and the cry that always escapes,
    the low, humiliating
    premise of union—

    In my mind tonight
    I hear the question and pursuing answer
    fused in one sound
    that mounts and mounts and then
    is split into the old selves,
    the tired antagonisms. Do you see?
    We were made fools of.
    And the scent of mock orange
    drifts through the window.

    How can I rest?
    How can I be content
    when there is still
    that odor in the world?

    ROPE by Hitchcock is all long shots. Michael Snow the Canadian has a long film in one shot – Wavelength – I havne’t seen it but it has quite a reputation.

    The White Ribbon, the new Haneke film, continues in the tradition of Cache. A film of half seen actions and lies.

    1. Hi John, Greg,

      I do like the “strangely muted paranoia mixed with ennui” that characterizes CACHE. I think Haneke is best when he’s somewhat mournful, which is to say I like him best when he’s more human. As opposed to being more cruel, which he can also be. From what I’ve seen of WHITE RIBBON, it seems to me that it’s going to be one of his colder, crueller films, but we’ll see. In general, I think he’s been getting colder and crueller ever since FUNNY GAMES was a surprise hit for him (the original one).

      I will maintain that it’s a pretty slick production, though. Those dream sequences are sure pretty pretty! And those kid’s drawings were drawn by someone who had fine arts training. I’m betting that Majid didn’t go to the Cooper Union. But this is a nit I always pick with films.

      > That first time we see them rewinding what we
      > thought was merely an establishing shot was brilliant.

      What ruined that for me is that the fast-forwarding effect is so slick! I don’t know how he accomplished that one, but I imagine it’s some effect overlayed in post, and not real fastforwarding. It may seem silly for me to harp on something like that, but I value authenticity. (If you want a fast-forward effect, really fast-forward the film!). It doesn’t work for me. Maybe the Europeans have fancier systems than I’m accustomed to…? But it’s so high-end. It looks like a Fancy Filmmaker effect. Too much of CACHE is like that for my tastes. (Those drawings!)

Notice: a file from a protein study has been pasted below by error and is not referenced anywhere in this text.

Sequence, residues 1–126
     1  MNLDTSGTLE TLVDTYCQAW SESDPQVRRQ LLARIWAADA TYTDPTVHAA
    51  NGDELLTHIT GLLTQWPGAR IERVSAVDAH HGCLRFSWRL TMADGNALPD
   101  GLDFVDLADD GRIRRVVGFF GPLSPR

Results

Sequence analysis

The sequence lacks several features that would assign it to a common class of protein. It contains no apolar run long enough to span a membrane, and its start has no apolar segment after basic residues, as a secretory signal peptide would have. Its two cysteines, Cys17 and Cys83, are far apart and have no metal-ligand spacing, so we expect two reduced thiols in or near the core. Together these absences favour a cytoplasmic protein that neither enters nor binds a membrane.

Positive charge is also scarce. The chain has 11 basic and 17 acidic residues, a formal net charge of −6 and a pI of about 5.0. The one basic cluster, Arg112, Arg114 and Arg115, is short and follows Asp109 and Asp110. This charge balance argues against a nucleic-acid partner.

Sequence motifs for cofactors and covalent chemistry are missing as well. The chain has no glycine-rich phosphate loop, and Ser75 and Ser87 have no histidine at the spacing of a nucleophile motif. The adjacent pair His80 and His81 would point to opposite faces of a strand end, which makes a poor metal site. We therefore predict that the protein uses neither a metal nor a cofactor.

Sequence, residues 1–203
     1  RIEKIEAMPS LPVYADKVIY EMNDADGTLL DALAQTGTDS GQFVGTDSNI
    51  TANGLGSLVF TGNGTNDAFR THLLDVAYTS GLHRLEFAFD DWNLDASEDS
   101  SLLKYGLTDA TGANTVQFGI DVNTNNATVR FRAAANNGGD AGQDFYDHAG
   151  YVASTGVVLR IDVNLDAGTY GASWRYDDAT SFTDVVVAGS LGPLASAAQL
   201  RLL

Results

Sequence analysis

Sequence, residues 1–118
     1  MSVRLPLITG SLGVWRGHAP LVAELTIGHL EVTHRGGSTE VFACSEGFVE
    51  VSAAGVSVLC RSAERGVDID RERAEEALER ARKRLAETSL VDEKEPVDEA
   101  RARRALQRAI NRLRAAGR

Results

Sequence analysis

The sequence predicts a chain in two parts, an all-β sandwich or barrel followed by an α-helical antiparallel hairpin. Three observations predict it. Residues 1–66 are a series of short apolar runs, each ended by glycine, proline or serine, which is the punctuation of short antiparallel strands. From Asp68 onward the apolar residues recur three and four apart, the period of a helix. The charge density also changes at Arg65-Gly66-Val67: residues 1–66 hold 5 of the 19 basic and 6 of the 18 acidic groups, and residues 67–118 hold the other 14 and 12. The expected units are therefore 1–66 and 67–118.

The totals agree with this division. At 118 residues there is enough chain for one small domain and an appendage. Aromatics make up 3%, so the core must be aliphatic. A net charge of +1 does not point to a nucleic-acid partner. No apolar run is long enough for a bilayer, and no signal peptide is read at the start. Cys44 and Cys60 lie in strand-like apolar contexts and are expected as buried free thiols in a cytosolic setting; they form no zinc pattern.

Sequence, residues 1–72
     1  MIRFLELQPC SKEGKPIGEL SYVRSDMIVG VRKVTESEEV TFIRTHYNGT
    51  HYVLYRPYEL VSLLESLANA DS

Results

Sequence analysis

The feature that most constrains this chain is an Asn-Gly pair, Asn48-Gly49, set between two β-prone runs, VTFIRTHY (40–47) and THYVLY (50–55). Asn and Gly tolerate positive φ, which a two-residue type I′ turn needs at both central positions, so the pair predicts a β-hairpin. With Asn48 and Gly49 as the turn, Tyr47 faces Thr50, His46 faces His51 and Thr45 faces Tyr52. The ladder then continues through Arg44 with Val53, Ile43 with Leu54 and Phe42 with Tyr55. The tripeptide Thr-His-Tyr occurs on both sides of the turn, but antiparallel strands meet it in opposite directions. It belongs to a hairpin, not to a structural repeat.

Compare it with the fast-forwarding effect in FUNNY GAMES (the original). That film, for me, is a good mixture of slickness and grittiness. It’s very professional, and masterfully controlled, but also rough around the edges. I think that Haneke peaked there, in that regard. Since then, he’s been getting slicker and slicker, and letting the air out of his films, rather excruciatingly slowly. This relates to that disappearing sense of humanity that I sense. But I suppose most people don’t agree with me here, or don’t consider it a problem, because he’s more popular than ever these days.

      As for the long takes—those I like quite a lot! I love long takes, in general. But I wouldn’t take any of them (pun intended) over any single shot in any Tarkovsky film.

      > I liked the awkward dream insertions, too.

      Those are very nice.

      > I’d love to see a list of films that are built primarily
      > of long shots, particularly those where the camera is
      > fixed.

      TSAI MING-LIANG!!!!!!!!!!!!! Early Sokurov, too (and of course THE RUSSIAN ARK is fairly perverse, though the camera moves). The films of Straub and Huillet. Pedro Costa’s recent COLOSSAL YOUTH is all long, static shots, and they add up to one of the greatest films I’ve ever seen.

      Aleksandr Dovzhenko, before any of them.